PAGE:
ABSTRACT: Distal radius fractures represent the most common fractures in adults. Volar locking plating to correct unstable fractures has become increasingly popular. Although reasonable primary reduction is possible in most cases, maintenance of reduction until the fracture is healed is often problematic in osteoporotic bone. To our knowledge, no biomechanical studies have compared the effect of enhancement with biomaterial on two different volar fixed-angle plates. Human fresh-frozen cadaver pairs of radii were used to simulate an AO/OTA 23-A3 fracture. In a total of four groups (n = 7 for each group), two volar fixed-angle plates (Aptus 2.5 mm locking fracture plate, Medartis, Switzerland and VA-LCP two-column distal radius plate 2.4, volar, Synthes, Switzerland) with or without an additional injection of a biomaterial (Hydroset Injectable HA Bone Substitute, Stryker, Switzerland) into the dorsal comminution zone were used to fix the distal metaphyseal fragment. Each specimen was tested load-controlled under cyclic loading with a servo-hydraulic material testing machine. Displacement, stiffness, dissipated work and failure mode were recorded. Improved mechanical properties (decreased displacement, increased stiffness, decreased dissipated work) were found in both plates if the biomaterial was additionally injected. Improvement of mechanical parameters after biomaterial injection was more evident in the Synthes plate compared to the Aptus plate. Pushing out of the screws was noticed as a failure mode only in samples lacking supplementary biomaterial. Injection of a biomaterial into the dorsal comminution zone increases stability after volar locking plating of distal radius fractures in vitro.European Journal of Orthopaedic Surgery & Traumatology 08/2013; DOI:10.1007/s00590-013-1285-z · 0.18 Impact Factor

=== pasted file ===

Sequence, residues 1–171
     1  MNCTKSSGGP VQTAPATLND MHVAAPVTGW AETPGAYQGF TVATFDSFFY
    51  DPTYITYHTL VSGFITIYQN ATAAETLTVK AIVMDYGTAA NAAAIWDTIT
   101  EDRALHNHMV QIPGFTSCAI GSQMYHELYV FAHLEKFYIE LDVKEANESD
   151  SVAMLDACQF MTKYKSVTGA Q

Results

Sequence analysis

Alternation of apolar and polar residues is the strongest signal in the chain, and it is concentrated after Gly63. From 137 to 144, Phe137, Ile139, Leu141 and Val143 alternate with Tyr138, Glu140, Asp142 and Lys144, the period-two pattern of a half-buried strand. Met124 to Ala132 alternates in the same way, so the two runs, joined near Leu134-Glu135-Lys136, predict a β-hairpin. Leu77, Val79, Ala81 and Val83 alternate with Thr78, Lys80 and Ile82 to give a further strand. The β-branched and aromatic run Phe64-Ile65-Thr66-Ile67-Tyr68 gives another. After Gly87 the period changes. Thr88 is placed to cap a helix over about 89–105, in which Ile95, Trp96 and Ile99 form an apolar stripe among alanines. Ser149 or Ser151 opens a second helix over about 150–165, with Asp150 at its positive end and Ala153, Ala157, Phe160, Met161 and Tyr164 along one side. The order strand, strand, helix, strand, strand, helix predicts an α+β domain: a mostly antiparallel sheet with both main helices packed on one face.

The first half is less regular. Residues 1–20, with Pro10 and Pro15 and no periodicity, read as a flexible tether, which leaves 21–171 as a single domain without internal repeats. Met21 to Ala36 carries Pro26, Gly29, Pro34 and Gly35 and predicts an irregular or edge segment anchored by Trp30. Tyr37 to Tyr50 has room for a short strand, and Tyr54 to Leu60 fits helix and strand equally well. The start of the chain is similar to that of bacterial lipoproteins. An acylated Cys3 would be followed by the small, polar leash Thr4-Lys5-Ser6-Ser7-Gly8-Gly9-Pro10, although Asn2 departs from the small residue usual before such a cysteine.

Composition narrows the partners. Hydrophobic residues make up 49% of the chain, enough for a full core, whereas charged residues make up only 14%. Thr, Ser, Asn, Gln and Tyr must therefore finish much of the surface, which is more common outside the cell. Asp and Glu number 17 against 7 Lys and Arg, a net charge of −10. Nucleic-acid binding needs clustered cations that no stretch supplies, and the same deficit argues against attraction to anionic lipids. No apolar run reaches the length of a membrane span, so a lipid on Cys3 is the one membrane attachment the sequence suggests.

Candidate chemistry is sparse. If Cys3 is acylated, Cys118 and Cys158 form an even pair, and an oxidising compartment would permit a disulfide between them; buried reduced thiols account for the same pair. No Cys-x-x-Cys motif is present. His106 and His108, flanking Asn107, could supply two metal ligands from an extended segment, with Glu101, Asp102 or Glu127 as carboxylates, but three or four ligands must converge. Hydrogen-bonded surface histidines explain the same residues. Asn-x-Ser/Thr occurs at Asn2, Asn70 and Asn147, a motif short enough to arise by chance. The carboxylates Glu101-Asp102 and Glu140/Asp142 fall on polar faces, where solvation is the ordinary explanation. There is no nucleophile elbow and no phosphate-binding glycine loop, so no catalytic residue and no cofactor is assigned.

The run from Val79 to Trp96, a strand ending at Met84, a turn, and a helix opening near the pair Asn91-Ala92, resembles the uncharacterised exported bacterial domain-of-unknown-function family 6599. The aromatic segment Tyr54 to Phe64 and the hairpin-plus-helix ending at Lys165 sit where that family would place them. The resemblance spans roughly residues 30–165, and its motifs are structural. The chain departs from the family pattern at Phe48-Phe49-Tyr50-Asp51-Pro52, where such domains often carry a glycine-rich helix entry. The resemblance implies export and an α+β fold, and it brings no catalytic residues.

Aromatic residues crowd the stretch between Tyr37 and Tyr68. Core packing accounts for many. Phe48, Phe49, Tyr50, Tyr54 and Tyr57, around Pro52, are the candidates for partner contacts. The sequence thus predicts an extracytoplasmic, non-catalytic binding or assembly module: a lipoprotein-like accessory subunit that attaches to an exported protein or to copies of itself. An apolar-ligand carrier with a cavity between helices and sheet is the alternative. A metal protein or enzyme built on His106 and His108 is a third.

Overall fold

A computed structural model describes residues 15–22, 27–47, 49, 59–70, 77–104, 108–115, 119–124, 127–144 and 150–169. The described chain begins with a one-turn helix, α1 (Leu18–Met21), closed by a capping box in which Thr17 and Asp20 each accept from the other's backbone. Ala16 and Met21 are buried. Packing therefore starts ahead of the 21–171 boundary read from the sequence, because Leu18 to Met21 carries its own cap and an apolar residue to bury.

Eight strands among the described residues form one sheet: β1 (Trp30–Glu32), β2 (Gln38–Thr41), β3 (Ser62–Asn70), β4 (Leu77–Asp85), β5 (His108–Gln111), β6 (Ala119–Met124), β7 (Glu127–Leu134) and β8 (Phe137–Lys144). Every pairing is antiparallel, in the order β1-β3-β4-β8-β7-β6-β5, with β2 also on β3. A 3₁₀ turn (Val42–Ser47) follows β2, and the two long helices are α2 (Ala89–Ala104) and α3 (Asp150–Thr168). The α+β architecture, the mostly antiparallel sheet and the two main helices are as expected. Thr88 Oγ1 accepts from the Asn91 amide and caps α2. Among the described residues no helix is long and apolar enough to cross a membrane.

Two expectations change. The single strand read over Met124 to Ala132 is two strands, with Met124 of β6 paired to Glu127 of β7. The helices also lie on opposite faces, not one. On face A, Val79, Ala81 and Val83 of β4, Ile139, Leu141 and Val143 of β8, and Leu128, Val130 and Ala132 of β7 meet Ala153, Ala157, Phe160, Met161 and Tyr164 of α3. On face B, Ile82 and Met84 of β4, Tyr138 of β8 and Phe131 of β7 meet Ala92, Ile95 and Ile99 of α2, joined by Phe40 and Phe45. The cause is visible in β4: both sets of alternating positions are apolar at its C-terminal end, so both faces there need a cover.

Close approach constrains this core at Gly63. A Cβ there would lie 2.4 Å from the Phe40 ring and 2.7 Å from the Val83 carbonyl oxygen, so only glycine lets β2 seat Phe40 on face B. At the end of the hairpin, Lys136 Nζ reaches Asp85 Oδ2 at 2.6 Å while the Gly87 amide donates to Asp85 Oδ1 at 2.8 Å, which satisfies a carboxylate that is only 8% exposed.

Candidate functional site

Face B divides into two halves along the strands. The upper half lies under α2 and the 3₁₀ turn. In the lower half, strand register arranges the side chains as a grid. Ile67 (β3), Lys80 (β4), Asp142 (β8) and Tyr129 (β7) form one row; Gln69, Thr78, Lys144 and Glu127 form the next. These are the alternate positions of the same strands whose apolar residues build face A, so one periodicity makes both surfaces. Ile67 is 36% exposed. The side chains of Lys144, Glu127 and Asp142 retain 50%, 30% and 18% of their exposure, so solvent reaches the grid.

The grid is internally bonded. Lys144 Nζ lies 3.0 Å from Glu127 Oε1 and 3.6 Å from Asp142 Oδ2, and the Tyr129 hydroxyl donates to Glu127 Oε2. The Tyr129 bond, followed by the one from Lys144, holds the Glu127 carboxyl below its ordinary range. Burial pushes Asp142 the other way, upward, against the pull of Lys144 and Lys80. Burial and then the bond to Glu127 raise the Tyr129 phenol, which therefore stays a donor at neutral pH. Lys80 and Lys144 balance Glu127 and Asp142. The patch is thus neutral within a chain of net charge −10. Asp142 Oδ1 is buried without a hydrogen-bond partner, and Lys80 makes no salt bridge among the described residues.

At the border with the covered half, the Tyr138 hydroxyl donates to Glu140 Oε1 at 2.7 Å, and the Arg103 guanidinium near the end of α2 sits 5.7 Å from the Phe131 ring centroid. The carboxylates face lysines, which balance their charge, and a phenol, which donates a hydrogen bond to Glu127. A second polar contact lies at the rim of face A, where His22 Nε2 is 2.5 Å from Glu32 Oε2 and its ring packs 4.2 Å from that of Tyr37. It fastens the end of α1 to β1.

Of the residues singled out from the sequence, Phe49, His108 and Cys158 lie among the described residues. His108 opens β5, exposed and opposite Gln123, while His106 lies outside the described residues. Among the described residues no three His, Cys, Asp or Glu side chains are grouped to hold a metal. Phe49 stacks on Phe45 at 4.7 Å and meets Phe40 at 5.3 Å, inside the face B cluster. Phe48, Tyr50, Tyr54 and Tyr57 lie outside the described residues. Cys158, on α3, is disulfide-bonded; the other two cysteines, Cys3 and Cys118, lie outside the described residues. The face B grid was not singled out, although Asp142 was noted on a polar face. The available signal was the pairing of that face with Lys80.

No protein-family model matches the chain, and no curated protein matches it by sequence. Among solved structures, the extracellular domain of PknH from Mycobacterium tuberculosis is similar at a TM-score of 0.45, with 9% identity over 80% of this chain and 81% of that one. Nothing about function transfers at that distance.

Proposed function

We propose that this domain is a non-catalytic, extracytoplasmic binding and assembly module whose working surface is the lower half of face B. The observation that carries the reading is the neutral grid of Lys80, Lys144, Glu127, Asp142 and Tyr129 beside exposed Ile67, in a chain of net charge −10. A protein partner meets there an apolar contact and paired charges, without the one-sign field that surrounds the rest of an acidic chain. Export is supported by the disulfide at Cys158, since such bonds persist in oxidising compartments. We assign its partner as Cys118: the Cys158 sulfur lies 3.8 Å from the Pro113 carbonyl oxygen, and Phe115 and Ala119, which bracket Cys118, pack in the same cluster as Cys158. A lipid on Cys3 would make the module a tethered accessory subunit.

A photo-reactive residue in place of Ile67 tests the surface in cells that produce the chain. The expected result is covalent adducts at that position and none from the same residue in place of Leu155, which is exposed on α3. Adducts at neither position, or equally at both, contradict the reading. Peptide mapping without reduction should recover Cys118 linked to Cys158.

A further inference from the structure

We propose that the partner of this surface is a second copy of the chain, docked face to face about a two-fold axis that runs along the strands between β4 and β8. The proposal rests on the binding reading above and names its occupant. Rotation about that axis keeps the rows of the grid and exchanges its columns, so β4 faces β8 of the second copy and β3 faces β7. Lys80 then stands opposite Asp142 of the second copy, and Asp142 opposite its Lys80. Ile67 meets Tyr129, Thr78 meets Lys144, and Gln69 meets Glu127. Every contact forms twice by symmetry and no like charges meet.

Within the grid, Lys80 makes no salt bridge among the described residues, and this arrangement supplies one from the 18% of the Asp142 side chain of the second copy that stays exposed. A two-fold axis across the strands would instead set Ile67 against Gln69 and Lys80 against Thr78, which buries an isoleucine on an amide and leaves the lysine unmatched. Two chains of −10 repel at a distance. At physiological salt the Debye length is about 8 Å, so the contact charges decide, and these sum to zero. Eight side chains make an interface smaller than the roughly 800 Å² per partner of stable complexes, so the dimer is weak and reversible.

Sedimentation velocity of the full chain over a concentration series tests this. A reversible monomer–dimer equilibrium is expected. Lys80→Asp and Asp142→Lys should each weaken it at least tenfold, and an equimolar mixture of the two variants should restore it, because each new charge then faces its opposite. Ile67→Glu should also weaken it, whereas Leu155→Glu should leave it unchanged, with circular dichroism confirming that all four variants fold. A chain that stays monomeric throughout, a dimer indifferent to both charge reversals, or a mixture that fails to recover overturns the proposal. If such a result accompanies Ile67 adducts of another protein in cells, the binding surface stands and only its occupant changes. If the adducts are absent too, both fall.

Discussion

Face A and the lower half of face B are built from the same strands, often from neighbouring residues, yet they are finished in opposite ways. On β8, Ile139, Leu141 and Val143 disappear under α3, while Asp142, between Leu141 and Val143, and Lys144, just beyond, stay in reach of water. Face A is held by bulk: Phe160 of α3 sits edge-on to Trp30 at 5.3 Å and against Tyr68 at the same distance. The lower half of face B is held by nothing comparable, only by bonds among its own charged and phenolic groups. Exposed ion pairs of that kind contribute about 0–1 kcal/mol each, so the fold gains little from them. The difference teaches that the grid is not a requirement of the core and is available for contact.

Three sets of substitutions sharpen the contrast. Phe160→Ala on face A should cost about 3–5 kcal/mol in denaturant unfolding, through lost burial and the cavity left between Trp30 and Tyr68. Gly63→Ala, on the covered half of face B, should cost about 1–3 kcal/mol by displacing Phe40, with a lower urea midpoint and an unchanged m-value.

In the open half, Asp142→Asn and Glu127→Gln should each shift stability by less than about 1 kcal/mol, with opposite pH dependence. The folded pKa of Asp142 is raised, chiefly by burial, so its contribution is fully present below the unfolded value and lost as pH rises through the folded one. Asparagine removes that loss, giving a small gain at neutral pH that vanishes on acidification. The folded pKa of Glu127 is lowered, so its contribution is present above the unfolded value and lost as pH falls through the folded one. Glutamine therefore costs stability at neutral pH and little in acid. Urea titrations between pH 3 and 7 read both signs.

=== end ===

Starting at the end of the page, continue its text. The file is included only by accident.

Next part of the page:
- [Show abstract] [Hide abstract]
ABSTRACT: Background: Bisphosphonates can adversely affect fracture-healing because they inhibit osteoclastic bone resorption. It is unclear whether bisphosphonates can be initiated safely for patients who have sustained an acute distal radial fracture. The purpose of this randomized study was to determine whether the early use of bisphosphonate affects healing and outcomes of osteoporotic distal radial fractures treated with volar locking plate fixation. Methods: Fifty women older than fifty years of age who had undergone volar locking plate fixation of a distal radial fracture and had been diagnosed with osteoporosis were randomized to Group I (n = 24, initiation of bisphosphonate treatment at two weeks after the operation) or Group II (n = 26, initiation of bisphosphonate treatment at three months). Patients were assessed for radiographic union and other radiographic parameters (radial inclination, radial length, and volar tilt) at two, six, ten, sixteen, and twenty-four weeks, and for clinical outcomes that included Disabilities of the Arm, Shoulder and Hand (DASH) scores, wrist motion, and grip strength at twenty-four weeks. The two groups were compared with regard to the time to radiographic union, the radiographic parameters, and the clinical outcomes. Results: No significant differences were observed between the two groups with respect to radiographic or clinical outcomes after volar locking plate fixation. All patients obtained fracture union, and the mean times to radiographic union in Groups I and II were similar (6.7 and 6.8 weeks, respectively; p = 0.65). Furthermore, the time to radiographic union was not related to osteoporosis severity or fracture type. Conclusions: In patients with an osteoporotic distal radial fracture treated with volar locking plate fixation, the early initiation of bisphosphonate treatment did not affect fracture-healing or clinical outcomes.The Journal of Bone and Joint Surgery 08/2012; 94A(19). DOI:10.2106/JBJS.K.01434 · 4.31 Impact Factor